Running Technique in Australian Rules Football

Cyril Rioli is a dynamic and explosive Australian Rules Football player, but his club physiotherapists and fitness staff have resolved to alter Rioli’s running technique in a bid to stem his chronic hamstring injury woes. Running Technique has begun to emerge as an area of interest for Australian Rules Football clubs as they seek to minimize time spent on the sidelines by their star players as they chase premiership glory.  Maximizing the running potential of player lists in a game that features a heady mixture of sprinting and endurance running that resembles a fartlek training session gone awry is also a primary concern.

In the last few weeks it has emerged that Cyril Rioli has been attempting to modify his running technique.  The modifications include reducing over-striding and running in a more upright posture. In his own words “not lengthening my legs out too far” and “standing taller using my arms more.”

It may give some comfort to regular runners out there trying to improve their running form that Rioli, a professional athlete with numerous fitness trainers and physiotherapists on hand to help out, has been finding the going tough, “it’s been doing my head in,” he told Fairfax media’s Emma Quayle.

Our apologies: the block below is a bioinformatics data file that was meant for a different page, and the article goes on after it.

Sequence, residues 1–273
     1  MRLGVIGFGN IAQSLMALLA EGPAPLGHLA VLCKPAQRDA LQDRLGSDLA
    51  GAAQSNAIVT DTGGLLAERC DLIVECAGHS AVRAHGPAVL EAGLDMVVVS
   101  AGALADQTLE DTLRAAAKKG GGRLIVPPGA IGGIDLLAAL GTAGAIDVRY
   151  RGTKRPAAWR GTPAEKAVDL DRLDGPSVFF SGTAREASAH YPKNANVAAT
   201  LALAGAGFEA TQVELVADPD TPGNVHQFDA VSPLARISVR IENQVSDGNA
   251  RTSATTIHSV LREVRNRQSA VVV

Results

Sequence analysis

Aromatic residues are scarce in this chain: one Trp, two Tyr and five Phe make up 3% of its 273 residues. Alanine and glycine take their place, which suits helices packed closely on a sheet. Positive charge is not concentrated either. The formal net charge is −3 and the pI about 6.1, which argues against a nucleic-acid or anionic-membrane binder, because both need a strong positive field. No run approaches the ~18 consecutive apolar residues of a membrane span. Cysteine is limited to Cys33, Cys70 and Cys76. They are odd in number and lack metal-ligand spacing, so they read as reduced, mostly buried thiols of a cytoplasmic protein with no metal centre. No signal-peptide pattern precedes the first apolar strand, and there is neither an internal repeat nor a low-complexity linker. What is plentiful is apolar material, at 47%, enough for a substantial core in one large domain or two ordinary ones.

From my perspective it sounds like Rioli is on the right track, the upright posture will tend to engage his glutes (buttocks) more and help prevent over-striding and the fact that he is using his arms more will hearten arm-swing running technique advocates. He has also indicated that he feels faster using the modified running form, which is consistent with the upright posture and better gluteal muscle activation.

I’m hoping the fitness team has been prescribing plenty of squats and back extension work to complement the retraining process and help bed-down the changes in muscle activation patterns.  A few years ago St Kilda Saints Coach Ross Lyon bemoaned the lack of meat and potatoes strength work in his team’s strength and conditioning program.  He was referring to the missing element of squats, which he saw as being a key factor in his teams poor run with soft tissue injuries to the hamstrings.

However, a change in running technique in the middle of the season is a fairly risky endeavor and generally something that would be better addressed in the off-season and pre-season training period.  This is exactly the same running technique tip I give to any runner looking to improve their form – do the hard work away from the glare and pressure of competition.  While Rioli may have the mental cues for the new technique down in his mind and be able to execute them during training, it will be interesting to see how he goes when he stretches out to lay his first tackle or makes another dynamic run towards the goal mouth.

It’s a measure of how close Hawthorn believe they are to challenging for the AFL premiership in 2011 to risk a mid-season running technique change to arguably their most valuable player.

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Image by Tristen Murray

Foot note:

Some more information from the fitness coach working with Rioli.  The focus is on reducing heel-striking, over-striding and preventing collapse through his lower back.  Learn to love squats is all I can say.

 

 

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